Finally, if you are lucky and use public transportation for your work commute… then use that time to do this, and perhaps, even more, things such as finish reading that book, learning that new language, etc…

Do you have any tips or ideas to add to the above post? please share them with everyone in the comments.

Should I continue with my idea?

These days the word entrepreneur, founder, start-up, small business owner are very common and so it is the idea of starting a new business, especially in the tech and internet industries. Many of us dream of creating the next big thing, an awesome application used by millions of people, a service with public APIs that thousands of developers will use, etc… we are wannapreneurs! that is a term I stole from Patrick Foley’s Confessions of a Wannapreneur talk at the Business of Software conference last year, and from a blog post he wrote about it.

This post has the intention to show you some of the most common things that demotivate people about their ideas and dreams of becoming an entrepreneur and start a business. Hope it helps you as it has helped me while I was thinking and writing about it.

The idea generator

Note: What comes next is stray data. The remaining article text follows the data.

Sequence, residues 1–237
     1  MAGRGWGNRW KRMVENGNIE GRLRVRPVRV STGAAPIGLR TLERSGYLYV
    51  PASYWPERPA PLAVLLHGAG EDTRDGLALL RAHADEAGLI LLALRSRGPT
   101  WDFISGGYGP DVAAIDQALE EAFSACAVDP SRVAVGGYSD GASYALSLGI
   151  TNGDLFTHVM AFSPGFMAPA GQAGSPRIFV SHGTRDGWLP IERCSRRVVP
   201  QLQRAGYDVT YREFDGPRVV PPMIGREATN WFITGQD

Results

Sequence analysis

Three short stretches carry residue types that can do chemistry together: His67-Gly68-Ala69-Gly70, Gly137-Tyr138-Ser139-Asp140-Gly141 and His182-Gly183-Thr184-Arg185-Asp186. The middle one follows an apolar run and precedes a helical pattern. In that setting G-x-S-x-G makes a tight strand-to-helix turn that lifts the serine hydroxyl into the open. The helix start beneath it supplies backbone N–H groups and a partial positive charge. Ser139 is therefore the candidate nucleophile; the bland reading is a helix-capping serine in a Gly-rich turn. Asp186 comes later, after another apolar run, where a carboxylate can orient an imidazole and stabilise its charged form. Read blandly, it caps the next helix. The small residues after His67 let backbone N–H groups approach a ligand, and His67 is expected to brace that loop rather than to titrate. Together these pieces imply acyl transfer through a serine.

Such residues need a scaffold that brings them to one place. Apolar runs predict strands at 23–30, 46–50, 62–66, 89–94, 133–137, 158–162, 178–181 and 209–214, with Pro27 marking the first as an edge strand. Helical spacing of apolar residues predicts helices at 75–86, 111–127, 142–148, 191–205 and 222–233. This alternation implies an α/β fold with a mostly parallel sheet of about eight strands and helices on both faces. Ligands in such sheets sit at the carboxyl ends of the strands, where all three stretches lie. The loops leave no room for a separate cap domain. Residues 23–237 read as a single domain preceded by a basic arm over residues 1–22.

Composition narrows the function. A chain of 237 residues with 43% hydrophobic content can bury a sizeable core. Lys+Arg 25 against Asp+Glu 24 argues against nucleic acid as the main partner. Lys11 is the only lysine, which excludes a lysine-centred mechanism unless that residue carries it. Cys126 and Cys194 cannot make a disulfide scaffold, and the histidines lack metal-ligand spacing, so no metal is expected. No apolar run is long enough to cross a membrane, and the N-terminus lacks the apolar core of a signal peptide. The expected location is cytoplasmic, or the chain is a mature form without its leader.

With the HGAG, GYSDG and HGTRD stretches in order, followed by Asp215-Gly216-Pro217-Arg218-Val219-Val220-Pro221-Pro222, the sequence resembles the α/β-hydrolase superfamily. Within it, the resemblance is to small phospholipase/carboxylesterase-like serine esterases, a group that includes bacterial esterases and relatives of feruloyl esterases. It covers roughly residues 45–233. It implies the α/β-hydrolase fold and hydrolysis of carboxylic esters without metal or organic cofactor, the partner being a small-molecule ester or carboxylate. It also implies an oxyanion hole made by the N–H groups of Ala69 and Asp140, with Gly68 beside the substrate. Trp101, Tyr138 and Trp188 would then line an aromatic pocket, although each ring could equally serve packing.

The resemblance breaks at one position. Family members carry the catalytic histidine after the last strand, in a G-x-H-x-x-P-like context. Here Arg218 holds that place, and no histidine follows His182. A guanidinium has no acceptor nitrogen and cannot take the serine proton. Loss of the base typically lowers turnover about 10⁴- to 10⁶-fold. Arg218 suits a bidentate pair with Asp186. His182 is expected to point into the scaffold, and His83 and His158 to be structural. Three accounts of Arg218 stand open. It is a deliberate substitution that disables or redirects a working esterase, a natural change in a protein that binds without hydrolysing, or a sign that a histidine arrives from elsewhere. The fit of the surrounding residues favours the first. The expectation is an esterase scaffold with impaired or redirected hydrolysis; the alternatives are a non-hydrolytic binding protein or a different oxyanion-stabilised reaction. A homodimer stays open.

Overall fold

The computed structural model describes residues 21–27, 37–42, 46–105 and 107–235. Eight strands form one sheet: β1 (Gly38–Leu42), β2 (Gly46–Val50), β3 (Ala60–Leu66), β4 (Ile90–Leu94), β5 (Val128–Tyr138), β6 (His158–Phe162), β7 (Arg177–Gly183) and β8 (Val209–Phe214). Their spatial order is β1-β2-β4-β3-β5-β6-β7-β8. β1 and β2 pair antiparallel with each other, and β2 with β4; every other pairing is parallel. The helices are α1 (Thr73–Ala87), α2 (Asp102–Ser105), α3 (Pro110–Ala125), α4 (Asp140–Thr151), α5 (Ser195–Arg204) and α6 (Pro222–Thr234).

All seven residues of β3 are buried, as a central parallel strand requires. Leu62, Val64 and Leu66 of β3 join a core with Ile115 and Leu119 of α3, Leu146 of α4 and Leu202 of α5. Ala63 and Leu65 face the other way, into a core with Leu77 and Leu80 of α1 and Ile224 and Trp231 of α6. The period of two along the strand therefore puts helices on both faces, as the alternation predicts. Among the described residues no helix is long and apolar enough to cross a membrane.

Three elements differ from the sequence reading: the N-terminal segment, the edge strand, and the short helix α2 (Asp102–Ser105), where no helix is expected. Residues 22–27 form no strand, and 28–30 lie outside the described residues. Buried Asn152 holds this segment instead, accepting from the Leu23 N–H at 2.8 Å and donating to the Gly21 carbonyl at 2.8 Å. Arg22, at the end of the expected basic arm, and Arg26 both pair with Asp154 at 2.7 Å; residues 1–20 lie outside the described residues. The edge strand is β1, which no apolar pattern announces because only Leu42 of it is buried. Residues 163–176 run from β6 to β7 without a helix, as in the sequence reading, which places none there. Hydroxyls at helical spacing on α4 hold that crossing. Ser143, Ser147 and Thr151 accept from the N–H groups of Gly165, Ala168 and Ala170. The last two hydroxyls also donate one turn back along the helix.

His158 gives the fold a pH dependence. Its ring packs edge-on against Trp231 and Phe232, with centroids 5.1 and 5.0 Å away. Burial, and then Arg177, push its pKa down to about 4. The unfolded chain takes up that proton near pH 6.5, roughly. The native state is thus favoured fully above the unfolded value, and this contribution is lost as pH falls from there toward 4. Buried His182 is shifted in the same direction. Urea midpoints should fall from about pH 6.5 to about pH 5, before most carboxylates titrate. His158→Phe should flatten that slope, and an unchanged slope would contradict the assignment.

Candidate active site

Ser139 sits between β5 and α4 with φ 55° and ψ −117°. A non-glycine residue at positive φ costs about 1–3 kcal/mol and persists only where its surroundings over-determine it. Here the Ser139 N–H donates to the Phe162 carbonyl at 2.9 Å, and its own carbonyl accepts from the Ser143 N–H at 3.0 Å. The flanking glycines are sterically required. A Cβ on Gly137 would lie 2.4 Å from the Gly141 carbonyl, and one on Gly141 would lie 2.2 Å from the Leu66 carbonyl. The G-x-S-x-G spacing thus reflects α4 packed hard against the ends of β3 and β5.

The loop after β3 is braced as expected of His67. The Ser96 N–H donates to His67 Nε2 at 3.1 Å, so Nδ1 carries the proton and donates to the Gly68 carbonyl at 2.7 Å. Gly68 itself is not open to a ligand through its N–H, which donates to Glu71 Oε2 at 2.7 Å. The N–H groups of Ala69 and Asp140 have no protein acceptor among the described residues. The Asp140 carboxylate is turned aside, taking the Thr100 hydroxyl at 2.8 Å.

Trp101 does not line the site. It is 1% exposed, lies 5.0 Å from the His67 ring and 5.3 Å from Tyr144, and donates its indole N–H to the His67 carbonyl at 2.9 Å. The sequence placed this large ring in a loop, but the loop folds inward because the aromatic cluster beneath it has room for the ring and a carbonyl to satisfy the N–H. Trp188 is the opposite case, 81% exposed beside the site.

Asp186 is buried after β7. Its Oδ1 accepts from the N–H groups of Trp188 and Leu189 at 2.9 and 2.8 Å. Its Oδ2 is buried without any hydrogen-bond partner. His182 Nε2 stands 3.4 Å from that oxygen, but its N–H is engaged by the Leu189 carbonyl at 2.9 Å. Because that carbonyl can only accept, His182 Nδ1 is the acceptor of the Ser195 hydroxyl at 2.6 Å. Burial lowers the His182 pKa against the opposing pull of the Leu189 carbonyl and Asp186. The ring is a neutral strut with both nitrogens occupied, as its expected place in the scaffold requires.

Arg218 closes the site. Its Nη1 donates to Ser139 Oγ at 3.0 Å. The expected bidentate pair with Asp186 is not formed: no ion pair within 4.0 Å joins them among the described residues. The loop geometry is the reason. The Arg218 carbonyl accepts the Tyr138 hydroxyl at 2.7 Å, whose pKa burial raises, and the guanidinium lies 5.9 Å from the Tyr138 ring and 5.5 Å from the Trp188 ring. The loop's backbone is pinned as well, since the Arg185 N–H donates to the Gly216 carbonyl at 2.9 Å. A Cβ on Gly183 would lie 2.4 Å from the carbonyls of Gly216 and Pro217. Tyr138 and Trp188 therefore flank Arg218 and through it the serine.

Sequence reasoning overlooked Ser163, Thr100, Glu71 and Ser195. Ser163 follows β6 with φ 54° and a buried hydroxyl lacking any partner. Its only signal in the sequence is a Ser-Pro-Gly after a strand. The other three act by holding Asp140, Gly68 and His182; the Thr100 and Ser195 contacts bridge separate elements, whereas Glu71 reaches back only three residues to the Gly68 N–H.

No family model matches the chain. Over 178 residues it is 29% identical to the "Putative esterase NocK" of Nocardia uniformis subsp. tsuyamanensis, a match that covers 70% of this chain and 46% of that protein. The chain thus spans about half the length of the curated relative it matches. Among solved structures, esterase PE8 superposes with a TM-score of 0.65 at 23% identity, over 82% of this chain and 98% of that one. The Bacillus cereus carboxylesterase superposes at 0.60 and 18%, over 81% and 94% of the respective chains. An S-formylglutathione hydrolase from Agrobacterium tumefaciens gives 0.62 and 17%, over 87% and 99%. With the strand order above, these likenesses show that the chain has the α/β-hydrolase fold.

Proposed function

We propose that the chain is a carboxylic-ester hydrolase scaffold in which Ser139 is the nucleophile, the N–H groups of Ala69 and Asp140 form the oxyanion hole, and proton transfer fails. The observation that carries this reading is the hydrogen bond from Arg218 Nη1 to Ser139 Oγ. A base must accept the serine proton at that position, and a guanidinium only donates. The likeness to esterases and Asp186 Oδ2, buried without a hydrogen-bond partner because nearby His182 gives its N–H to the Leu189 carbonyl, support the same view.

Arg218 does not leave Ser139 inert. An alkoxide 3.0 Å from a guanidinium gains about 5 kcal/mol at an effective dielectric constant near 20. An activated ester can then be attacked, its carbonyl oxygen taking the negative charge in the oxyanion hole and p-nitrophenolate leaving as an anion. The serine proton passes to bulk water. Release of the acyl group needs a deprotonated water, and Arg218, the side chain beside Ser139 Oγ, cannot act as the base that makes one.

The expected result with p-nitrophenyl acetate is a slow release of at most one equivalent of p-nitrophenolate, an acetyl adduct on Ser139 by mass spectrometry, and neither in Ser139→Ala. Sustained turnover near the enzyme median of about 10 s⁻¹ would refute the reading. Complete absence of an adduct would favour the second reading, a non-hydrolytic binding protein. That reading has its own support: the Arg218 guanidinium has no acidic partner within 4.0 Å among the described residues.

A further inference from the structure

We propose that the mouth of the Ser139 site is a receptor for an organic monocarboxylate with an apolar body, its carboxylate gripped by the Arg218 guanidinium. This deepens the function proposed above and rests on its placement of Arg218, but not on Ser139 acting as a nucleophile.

There are some of us who are always coming up with ideas, we cannot stop it, it is something that we have to deal with and it is part of who we are. Some of us might actually convince ourselves that one of our ideas is worth pursuing, and then off we go. One big problem is following up and actually end up executing an idea. While it is fun to think and talk to others about our ideas, the possibilities, coming up with domain names, starting to prototype a user interface, and start thinking about the architecture of the application, etc…, there is always something we need to do first, it is what I call the real work, you know, the stuff that we don’t want to do because we don’t know how or are not good at. This work is something that needs to happen to make an idea become a reality. For example, you can come up with a great idea for an app that will absolutely disrupt some existing technology or industry, before you change the world you need to make sure that what you are about to build is something that people will pay you for it… yes, and to do this you will need to get out and actually talk to normal human beings to tell them about your idea. Get feedback, make decisions, and then start. Register a domain name, work in a prototype, create a landing page, etc. The idea is to have something out there so you can continue with the feedback loop. Are you done? not even close, because if enough people get interested in your idea of a product, it means that after you build it you’ll have to sell it, do the accounting, do some marketing, handle payments, add features, etc… if you are a software developer like me, the thought about doing all these things is scary and is something that you are not looking forward to, I am certainly not looking forward to it. When time comes to do these tasks, remember that doing the tasks you don’t enjoy doing is super important and these tasks needs to get done, they are the means to an end, and without performing these tasks reaching your goal is not a reality.